The Lectern: Setting a high bar
For people outside Massachusetts, Michael Dukakis may be a largely forgotten name, or even an object of deprecating references to the People's Republic of Massachusetts or to the guy with the funny-looking helmet on the tank from the 1988 presidential campaign.
Dukakis recently turned 75, and there was an event in his and his wife Kitty's honor in Boston last weekend. The event was to raise money in connection with renaming one of the centers at Northeastern University in Boston, where Dukakis has taught for 20-odd years, in honor of the two.
I mention this not to praise Dukakis' political views (as readers know, I try to keep this blog away from partisan politics), but to note a revealing fact about the dinner. Something like a thousand people paid a minimum of $250 a person (in tough economic times) to attend. Now, obviously there are lots of political events that people pay money to attend. What is noteworthy here is that Dukakis has not held public office since 1988. Nobody attended this event in the hope of getting a favor or currying favor with a powerful figure. They came because they admire Michael (and Kitty) Dukakis as people and as public-spirited members of society.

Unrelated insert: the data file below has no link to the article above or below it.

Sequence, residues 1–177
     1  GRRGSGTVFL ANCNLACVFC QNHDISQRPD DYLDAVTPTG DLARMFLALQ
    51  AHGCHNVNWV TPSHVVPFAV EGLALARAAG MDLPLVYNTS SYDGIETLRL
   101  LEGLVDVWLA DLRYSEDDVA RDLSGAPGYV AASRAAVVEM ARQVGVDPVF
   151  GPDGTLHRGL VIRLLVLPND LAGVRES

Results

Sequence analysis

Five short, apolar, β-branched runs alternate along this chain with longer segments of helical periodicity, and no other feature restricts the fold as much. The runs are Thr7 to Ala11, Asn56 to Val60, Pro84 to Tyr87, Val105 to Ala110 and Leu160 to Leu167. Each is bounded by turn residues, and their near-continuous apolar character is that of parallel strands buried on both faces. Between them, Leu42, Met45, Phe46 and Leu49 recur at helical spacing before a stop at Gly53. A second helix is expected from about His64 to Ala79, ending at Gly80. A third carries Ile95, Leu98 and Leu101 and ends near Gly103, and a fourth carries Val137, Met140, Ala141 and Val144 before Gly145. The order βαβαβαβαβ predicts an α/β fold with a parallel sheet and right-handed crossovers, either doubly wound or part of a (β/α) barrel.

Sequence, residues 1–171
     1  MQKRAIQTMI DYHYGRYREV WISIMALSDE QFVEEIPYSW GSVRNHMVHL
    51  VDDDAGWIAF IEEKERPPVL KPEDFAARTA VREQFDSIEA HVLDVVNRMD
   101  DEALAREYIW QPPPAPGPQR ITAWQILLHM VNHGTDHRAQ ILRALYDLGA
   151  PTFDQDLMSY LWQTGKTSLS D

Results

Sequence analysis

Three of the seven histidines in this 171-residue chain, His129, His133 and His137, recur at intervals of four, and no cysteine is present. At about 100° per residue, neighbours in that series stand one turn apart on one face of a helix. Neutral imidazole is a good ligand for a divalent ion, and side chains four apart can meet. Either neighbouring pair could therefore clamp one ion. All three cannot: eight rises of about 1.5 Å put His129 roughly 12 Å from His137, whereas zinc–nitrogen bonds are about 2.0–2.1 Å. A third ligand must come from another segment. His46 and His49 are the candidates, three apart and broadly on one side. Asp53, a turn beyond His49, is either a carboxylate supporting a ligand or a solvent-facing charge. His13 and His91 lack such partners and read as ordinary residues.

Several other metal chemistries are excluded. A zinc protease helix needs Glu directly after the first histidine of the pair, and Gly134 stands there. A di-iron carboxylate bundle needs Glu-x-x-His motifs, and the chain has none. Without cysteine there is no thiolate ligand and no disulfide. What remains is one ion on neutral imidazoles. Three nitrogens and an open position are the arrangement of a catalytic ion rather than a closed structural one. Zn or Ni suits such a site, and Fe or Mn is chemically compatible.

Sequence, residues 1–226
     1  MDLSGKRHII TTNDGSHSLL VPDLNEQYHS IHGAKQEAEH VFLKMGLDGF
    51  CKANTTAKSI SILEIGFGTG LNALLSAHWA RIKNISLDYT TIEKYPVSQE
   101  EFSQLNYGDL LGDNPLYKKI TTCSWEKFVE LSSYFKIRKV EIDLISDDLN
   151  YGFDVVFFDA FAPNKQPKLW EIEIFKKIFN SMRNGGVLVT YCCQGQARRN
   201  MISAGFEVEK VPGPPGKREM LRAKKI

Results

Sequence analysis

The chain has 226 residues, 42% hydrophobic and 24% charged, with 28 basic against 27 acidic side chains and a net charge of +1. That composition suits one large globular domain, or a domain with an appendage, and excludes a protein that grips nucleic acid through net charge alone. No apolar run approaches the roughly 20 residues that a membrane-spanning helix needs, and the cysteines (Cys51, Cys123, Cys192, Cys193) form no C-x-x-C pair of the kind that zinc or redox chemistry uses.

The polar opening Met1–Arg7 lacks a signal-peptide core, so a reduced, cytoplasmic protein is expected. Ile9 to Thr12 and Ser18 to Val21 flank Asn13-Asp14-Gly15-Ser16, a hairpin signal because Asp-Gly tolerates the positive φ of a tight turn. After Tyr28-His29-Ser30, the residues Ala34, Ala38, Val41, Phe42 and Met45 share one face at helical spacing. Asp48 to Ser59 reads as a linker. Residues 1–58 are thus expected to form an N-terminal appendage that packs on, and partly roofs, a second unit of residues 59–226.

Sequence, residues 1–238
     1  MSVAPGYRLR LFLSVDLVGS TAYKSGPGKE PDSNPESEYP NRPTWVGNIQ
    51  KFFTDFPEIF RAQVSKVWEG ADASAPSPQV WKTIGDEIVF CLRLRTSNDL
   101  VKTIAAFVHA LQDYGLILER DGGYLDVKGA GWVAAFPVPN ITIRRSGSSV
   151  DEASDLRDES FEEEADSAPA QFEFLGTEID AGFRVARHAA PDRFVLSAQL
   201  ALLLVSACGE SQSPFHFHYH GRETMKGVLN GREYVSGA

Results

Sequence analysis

To some, Dukakis is a quirky guy. He is seen now and again walking down the streets of Brookline with degreaser to try to remove graffiti from mailboxes. He proudly displayed his subway pass at Saturday's dinner. I remember to this day seeing him for the first time after he returned from a post-1988 election exile in Hawaii, when I was walking down the street with (at the time) a Walkman in my ears. "What are you wasting time with that junk for?" he asked, becoming mollified only when I took the earphones off and put them in his ears so he could hear I was listening to Japanese language tapes.
But he's a guy whom locals know is genuine, and genuinely committed to public service, to making society a better place. And that commitment generated the kind of real affection that produced the big outpouring Saturday night. That's a nice performance metric for people in public life: How many people can we get to pay money to honor us when we no longer are in office or other positions of authority? Dukakis sets a high bar.
Posted by Steve Kelman on Nov 21, 2008 at 12:10 PM